Lenders also have a stake in inflation. For one thing, when it is easy for companies to raise prices, it is also easier for them to service their debt. In addition, since most loans are made on a floating-rate basis, when inflation causes interest rates in general to rise, the rates on existing loans will rise as well.

Another reason for today's sluggish economy is that companies are trying to keep inventory levels down. They are also holding off investing in new machinery and equipment, not only to cut costs but also because they don't expect prices to rise in the near term. Their strategies would be the exact opposite if they thought prices of these items were about to rise.

If borrowers and lenders have learned to live with inflation, what about savers? No problem there, as well, since savers have come to like inflation, too. As any saver will attest, slow inflation has led to low interest rates.

With interest income twice as important to personal incomes today as it was 30 years ago, many people are finding that their buying power has fallen, not improved, because of low inflation.

Getting back to the business side, inflation helps management, too, by allowing companies to raise their prices without fear of losing customers. People are more likely to accept higher prices in an inflationary environment than when prices are more stable.

Real estate developers must be longing for inflation. Landlords have long inserted cost-of-living clauses in their leases while buying properties with only the smallest of down payments and the longest of mortgages. Inflation enabled these people to service their debts; deflation has made it more problematic.

Another group with a major interest in inflation is elected officials.

The Political Equation

Let's start with the notion that many people equate inflation with prosperity and deflation with bad times -- a reasonable thought in today's low-inflation but depressed economy.

At the end of World War II, the greatest fear was that, without the stimulus of wartime spending, the U.S. economy would lapse back into depression.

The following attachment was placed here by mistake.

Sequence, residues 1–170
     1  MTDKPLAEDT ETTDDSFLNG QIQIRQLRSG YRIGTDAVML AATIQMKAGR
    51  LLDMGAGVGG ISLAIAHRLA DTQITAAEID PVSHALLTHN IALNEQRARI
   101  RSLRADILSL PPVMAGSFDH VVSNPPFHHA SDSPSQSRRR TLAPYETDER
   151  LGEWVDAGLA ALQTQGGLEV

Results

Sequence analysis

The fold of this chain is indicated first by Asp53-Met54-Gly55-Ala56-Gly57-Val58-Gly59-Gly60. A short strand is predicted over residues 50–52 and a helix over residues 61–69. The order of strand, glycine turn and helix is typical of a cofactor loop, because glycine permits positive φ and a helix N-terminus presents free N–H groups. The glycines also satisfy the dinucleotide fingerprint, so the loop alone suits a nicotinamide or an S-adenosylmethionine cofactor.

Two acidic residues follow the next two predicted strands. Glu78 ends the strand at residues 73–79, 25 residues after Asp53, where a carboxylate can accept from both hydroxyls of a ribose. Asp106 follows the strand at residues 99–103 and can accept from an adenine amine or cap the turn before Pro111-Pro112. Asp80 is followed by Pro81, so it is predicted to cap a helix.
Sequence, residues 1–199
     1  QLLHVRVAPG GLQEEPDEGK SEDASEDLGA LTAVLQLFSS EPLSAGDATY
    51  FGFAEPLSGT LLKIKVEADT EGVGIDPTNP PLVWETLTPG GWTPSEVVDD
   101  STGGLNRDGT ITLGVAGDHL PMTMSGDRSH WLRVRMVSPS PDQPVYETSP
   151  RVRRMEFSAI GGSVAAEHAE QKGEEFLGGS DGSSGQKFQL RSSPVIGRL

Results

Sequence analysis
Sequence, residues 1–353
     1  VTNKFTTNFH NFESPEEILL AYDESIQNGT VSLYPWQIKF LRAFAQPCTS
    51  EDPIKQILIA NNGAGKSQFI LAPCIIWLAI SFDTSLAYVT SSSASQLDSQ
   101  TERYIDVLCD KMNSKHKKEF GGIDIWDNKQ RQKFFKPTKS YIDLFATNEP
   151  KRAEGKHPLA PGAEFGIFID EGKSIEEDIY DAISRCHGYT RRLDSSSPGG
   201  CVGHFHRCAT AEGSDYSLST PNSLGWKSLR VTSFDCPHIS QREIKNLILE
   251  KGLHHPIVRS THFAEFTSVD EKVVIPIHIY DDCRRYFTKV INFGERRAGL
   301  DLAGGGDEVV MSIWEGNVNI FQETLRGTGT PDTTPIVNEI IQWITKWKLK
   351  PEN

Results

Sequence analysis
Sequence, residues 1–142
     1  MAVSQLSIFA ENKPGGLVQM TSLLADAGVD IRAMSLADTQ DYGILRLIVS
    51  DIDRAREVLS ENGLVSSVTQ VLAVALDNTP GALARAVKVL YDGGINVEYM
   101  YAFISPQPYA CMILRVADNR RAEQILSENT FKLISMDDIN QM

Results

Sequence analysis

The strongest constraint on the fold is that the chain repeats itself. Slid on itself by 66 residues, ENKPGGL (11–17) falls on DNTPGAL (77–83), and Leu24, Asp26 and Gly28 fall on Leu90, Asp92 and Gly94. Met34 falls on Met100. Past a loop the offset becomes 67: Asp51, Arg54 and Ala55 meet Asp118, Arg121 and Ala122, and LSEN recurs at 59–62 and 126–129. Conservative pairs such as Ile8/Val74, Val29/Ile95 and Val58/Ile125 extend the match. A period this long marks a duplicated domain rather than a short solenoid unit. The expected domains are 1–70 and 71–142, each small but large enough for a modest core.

But as the end of wartime controls permitted companies to raise prices (and labor to obtain wage increases), the electorate began to feel better, even though inflation had flared.

The line of reasoning at the time was that inflation could occur only if the economy were strong enough to permit business to raise prices, and it was the economy's strength that was most important to people.

Consider, also, that inflation increases tax revenues for all governments. Incomes are boosted by inflation, which lifts tax revenues from this source; sales and property tax collections will rise for similar reasons. More revenues, of course, mean more money for politicians to spend on constituents.

Now, the question is whether people will really want to stay the course and support a low-inflation policy.

Since inflation is a monetary phenomenon, the answer ultimately comes from the Federal Reserve.

On the surface, the Fed appears determined to lick inflation, or at least reduce it to the point where it no longer influences people's decisions to buy, sell, or invest.

The Fed may be saying one thing, but it is doing another.

Bank reserves adjusted for reserve requirements are growing at one of their fastest yearly rates in five years. The money supply (excluding certificates of deposit) is soaring, and industrial raw materials prices have shot up.

Unless the Fed reverses course, generalized inflation will return.